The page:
Walker Evans
[Photographer, b. 1903, St. Louis, Missouri, d. 1975, New Haven, Connecticut.]

 ...nature photographs downright bore me for some reason or other. I think: “Oh, yes. Look at that sand dune. What of it?” 
 It’s too presumptuous and naïve to think you can change society by a photograph or anything else... I equate that with propaganda; I think that’s a lower rank of purpose. 
 A garbage can, occasionally, to me at least, can be beautiful. That’s because you’re seeing. Some people are able to see that—see it and feel it. I lean toward the enchantment, the visual power, of the esthetically rejected subject. 
 Stare. It is the way to educate your eye, and more. Stare, pry, listen, eavesdrop. Die knowing something. You are not here long. 
 When you say “documentary,” you have to have a sophisticated ear to receive that word. It should be documentary style, because documentary is police photography of a scene and a murder ... that’s a real document. You see, art is really useless, and a document has use. And therefore, art is never a document, but it can adopt that style. I do it. I’m called a documentary photographer. But that presupposes a quite subtle knowledge of this distinction.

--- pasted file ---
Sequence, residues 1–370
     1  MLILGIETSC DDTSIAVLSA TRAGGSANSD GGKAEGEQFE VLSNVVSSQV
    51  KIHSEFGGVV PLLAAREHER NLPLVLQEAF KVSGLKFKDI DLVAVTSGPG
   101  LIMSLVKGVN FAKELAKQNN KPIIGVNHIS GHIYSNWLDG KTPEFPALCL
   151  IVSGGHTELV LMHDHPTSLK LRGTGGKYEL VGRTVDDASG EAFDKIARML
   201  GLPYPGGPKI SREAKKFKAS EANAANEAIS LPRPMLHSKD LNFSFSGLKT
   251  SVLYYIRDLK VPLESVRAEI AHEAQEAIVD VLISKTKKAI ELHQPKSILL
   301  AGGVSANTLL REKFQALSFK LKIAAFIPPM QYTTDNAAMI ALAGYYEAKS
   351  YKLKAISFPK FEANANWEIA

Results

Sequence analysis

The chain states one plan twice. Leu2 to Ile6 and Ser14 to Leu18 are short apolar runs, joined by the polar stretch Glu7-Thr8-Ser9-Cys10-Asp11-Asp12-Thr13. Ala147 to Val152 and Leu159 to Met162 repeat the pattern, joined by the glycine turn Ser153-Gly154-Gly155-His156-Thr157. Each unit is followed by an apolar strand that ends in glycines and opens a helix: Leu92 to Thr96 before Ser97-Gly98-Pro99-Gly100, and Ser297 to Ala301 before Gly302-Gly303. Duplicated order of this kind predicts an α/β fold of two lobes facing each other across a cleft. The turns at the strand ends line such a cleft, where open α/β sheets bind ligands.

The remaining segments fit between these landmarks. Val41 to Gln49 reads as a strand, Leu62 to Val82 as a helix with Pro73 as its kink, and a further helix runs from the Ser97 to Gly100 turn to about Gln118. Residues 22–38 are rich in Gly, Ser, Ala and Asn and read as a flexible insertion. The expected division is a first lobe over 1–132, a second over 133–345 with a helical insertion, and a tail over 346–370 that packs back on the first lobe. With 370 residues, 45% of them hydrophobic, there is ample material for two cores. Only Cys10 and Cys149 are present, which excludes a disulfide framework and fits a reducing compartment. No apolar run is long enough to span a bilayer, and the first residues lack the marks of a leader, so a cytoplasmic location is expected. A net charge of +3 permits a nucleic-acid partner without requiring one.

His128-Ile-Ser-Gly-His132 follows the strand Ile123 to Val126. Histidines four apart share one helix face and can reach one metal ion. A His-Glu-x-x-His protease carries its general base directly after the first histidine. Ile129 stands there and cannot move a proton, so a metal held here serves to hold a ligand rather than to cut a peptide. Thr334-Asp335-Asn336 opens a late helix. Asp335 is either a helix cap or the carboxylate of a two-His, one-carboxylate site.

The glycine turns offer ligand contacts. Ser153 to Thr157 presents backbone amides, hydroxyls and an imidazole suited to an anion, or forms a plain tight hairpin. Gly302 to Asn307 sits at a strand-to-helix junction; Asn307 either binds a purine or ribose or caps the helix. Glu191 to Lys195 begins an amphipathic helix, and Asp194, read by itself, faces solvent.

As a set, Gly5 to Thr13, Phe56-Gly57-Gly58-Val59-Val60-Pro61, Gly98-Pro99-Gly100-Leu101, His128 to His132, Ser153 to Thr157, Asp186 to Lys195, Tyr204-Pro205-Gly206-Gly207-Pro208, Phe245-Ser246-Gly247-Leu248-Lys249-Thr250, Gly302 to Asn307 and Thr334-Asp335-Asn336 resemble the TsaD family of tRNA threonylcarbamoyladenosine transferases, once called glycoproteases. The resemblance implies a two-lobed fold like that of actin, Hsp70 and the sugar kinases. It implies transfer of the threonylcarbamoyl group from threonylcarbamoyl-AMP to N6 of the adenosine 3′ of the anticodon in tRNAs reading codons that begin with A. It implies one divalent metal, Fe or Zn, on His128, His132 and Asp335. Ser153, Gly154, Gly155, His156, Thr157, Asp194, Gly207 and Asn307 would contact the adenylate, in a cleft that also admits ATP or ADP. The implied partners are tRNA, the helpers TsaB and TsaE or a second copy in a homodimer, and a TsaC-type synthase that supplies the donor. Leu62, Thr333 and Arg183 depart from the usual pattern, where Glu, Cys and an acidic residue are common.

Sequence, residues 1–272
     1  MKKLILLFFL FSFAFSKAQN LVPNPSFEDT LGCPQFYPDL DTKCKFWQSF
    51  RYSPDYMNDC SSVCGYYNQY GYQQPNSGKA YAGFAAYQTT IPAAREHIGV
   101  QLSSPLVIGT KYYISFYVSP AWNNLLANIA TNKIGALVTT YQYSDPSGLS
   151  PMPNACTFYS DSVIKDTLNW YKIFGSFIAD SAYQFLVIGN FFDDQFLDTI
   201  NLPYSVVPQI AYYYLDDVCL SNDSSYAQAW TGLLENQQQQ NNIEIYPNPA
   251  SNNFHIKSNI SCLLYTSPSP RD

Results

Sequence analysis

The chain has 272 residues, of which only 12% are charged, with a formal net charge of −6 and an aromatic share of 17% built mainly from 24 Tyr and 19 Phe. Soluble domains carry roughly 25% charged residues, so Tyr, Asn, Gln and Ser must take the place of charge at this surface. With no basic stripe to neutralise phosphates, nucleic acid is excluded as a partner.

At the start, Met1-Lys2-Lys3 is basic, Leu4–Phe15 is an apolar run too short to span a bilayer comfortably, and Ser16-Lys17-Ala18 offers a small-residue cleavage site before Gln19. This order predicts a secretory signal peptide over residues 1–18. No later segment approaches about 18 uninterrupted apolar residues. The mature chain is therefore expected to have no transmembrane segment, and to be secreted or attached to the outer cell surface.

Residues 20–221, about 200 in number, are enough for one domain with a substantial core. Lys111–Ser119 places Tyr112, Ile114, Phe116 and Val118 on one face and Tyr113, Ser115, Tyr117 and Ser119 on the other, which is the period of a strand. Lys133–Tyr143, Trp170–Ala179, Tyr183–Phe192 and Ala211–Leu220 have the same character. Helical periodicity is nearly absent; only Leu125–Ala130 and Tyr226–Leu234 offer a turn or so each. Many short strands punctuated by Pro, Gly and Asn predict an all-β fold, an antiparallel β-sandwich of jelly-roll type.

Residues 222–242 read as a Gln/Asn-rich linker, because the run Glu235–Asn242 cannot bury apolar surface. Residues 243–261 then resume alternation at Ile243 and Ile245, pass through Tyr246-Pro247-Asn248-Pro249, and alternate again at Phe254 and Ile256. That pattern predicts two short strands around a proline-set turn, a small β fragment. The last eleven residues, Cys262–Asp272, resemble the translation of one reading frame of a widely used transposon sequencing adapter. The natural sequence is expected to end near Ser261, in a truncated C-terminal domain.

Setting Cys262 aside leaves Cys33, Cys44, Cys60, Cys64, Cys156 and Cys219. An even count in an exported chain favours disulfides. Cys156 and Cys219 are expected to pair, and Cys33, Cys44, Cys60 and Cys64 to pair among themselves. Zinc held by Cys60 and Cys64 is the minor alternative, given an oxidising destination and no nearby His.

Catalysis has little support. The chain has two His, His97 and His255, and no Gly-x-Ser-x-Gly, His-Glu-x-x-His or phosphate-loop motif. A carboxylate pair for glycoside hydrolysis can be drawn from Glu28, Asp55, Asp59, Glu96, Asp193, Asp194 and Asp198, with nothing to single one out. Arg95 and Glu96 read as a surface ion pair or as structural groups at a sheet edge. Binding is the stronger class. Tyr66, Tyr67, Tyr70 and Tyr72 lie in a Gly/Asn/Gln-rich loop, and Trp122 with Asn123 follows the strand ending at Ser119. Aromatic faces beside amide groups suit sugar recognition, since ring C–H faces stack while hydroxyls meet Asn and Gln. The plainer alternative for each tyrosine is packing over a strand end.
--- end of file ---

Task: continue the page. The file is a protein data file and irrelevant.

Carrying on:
The secret of photography is, the camera takes on the character and personality of the handler. 
 I work rather blindly. I have a theory that seems to work with me that some of the best things you ever do sort of come through you. You don’t know where you get the impetus and response to what’s before your eyes. 
 With the camera, it’s all or nothing. You either get what you’re after at once, or what you do has to be worthless. 
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